‘God did not hesitate to use the things of this world to make himself known.’
That said, our faith is historically based on the witness of the apostles, so we don’t need things proved scientifically on every count to be able to believe, because our faith is based on the testimony of those who have come before us, of what they saw and encountered.
How do you reconcile the scientific errors of the Bible with its status for believers as God’s revealed truth?
The Bible is not written as a science book, the way we understand science books now, in the sense of giving precise language and methods and up-to-date results. The Bible is the inspired word of God, but written by human beings who had limitations of what they knew of the world when they were writing. They didn’t have open to them the mysteries of the universe in their totality. What God revealed to them wasn’t so much science as God’s plan of salvation more than anything else.
How does being a Jesuit priest inform the way you do science?
From the faith perspective, we can rejoice in the beauty of what science tells us about the universe. Also, being a Jesuit priest gives an added dimension to that, to see how easily the faith perspective is able to blend into the scientific perspective. Even more so, it gives a sacramental way of looking at this universe. If you look at the Incarnation, if God became flesh and blood among us, then God did not hesitate to use the things of this world to make himself known. So to be able to know him through physical things is a beautiful sacramental way of looking at creation that complements one’s scientific output.
How does the way you do science inform your Jesuit priesthood?
One beautiful way of looking at it is the great liturgy of the cosmos, how everything works and moves according to what has been ordained by God. It very much informs my priesthood in the sense that being a priest itself is a participation in the grand cosmic liturgy that revolves around God and worships God.
Why is it wrong to think we must choose to prioritize either scientific or religious truths, rather than holding both together in tension?
It’s wrong to prioritize either because, in the end, all truth comes from God whether it’s physical or spiritual. In the end, if both really are the truth, both must exist in harmony. Of course, getting to the harmony might involve a certain amount of purification, and so you see the tension at times. To paraphrase Pope John Paul II’s line in “Fides et Ratio,” the truth cannot contradict the truth if it is the truth. He also says religion can help guide science to see greater perspective and science can help purify religion from superstition.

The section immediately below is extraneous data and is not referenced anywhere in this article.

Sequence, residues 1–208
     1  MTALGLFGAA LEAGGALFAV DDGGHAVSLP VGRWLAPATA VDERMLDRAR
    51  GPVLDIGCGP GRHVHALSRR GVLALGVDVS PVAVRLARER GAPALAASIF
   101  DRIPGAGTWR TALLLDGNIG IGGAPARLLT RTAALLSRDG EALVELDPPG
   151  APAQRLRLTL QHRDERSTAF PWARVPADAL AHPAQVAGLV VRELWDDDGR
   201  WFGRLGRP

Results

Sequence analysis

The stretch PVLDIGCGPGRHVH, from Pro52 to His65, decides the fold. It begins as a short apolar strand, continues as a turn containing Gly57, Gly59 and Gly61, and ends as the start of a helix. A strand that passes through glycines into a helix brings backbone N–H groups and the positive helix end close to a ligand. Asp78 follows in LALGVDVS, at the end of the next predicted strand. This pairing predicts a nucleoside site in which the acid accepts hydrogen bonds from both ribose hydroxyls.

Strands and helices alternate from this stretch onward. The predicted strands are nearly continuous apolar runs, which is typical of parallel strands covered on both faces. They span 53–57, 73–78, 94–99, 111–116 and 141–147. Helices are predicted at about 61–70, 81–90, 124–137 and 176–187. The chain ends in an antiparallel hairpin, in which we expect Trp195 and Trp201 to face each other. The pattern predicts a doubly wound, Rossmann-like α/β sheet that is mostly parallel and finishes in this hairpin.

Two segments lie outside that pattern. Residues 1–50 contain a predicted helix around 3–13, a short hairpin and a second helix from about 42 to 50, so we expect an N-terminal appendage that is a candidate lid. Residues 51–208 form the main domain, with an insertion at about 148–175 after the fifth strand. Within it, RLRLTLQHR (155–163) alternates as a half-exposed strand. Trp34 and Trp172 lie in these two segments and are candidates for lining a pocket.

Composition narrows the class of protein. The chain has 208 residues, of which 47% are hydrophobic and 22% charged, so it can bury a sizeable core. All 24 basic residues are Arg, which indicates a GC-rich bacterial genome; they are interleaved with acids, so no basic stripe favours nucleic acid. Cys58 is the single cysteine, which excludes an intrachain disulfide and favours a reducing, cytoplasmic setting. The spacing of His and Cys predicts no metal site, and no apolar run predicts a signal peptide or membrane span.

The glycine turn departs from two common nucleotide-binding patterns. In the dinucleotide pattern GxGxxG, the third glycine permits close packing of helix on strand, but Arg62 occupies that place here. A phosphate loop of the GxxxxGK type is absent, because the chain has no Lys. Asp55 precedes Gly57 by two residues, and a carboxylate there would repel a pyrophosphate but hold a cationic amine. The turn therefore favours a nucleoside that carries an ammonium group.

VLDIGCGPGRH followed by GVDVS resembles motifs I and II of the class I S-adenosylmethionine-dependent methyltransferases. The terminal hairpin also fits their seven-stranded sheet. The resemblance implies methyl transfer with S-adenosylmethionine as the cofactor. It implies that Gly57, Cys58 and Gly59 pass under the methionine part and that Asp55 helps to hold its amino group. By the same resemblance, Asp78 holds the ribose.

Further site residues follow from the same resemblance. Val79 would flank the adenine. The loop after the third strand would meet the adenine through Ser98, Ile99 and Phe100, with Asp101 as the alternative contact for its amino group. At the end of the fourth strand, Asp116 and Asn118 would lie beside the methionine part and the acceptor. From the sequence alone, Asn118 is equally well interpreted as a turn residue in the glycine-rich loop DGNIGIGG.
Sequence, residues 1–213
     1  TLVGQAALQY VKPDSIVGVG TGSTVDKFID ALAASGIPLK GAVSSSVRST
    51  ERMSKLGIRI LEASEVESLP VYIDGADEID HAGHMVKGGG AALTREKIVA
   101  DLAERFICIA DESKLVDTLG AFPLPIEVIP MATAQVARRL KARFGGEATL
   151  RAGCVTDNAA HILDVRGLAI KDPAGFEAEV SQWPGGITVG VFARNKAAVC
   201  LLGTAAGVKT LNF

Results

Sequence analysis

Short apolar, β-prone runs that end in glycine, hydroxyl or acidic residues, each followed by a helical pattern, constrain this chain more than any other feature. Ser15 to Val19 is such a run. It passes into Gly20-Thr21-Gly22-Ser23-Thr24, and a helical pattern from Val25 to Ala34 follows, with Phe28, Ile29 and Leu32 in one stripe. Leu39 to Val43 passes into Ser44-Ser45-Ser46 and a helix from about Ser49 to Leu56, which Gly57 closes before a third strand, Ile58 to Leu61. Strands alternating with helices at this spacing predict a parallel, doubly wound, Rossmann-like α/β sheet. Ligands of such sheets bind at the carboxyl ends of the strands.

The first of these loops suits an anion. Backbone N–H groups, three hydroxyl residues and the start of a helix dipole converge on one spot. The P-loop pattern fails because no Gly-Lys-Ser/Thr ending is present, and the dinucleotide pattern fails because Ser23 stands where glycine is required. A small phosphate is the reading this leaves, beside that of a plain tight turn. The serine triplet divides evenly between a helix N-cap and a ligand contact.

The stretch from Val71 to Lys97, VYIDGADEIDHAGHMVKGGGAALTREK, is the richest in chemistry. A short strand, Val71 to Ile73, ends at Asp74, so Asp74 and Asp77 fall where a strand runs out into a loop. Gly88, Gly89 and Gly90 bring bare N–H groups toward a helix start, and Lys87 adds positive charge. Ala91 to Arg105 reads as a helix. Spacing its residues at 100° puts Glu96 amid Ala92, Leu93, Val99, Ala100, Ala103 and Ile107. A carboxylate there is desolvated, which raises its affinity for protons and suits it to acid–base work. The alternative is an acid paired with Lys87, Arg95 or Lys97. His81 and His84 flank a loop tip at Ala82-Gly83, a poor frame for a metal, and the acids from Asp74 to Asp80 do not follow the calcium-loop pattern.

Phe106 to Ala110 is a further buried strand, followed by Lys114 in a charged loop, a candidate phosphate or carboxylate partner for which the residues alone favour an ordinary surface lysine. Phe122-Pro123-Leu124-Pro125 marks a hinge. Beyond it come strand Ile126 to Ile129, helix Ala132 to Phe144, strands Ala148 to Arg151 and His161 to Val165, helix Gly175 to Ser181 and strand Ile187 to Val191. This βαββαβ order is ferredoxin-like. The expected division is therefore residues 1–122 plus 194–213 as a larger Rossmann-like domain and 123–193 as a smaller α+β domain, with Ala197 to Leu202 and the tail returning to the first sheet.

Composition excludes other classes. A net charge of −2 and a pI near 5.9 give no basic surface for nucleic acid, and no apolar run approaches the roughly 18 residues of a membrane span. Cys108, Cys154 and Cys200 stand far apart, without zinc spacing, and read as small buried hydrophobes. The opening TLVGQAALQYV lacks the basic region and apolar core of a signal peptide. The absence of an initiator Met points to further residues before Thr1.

Why does the Vatican care about science enough to employ Jesuit scientists to study the cosmos through telescopes in Italy and Tucson, Arizona?
The reason why the church cares about these things is the same reason there’s a Rockhurst High School, a Boston College, a Vatican Observatory. The Observatory is one example in a long church tradition. It’s the pursuit of the truth of God that changes us, but more than just knowing things, it’s about allowing the truth of God to transform us. To know what it means to be a just person, a moral person, has tremendous implications for our approach to justice, economics, the environment.
Astronomy is also one of those sciences that has always lent itself to prompting philosophical and theological questions, existential questions with tremendous bearing on human beings. In more modern times, the church also continues to sponsor the Vatican Observatory in order to show that it supports and encourages the sciences, that there is no conflict.
What scientific projects are you currently working on at the Vatican Observatory?
One project has to do with hot subdwarf stars, thought to evolve from stars in a binary system. The other has to do with pulsating stars, stars whose luminosities change periodically. The question is why do those things do that, and that can tell us about the internal structure of stars. Which is very difficult to do, because when we look at a star like the sun, we see the outside and not the inside.
Like medieval Catholics building a cathedral over many generations, you do this work in the hope that it will benefit posterity?
Yes, the medieval cathedrals were intricate buildings that often took 200 years to build, and likewise the progress of science is measured day to day in small increments. Of course, you have big revolutions whereby science takes a big leap, but the ordinary progress is very quiet like the construction of a cathedral. After a lot of time, you see how much has actually been built.
What do you hope people will take away from your work?
Just something of the beauty of God’s creation and God himself, that we live in a beautiful cosmos.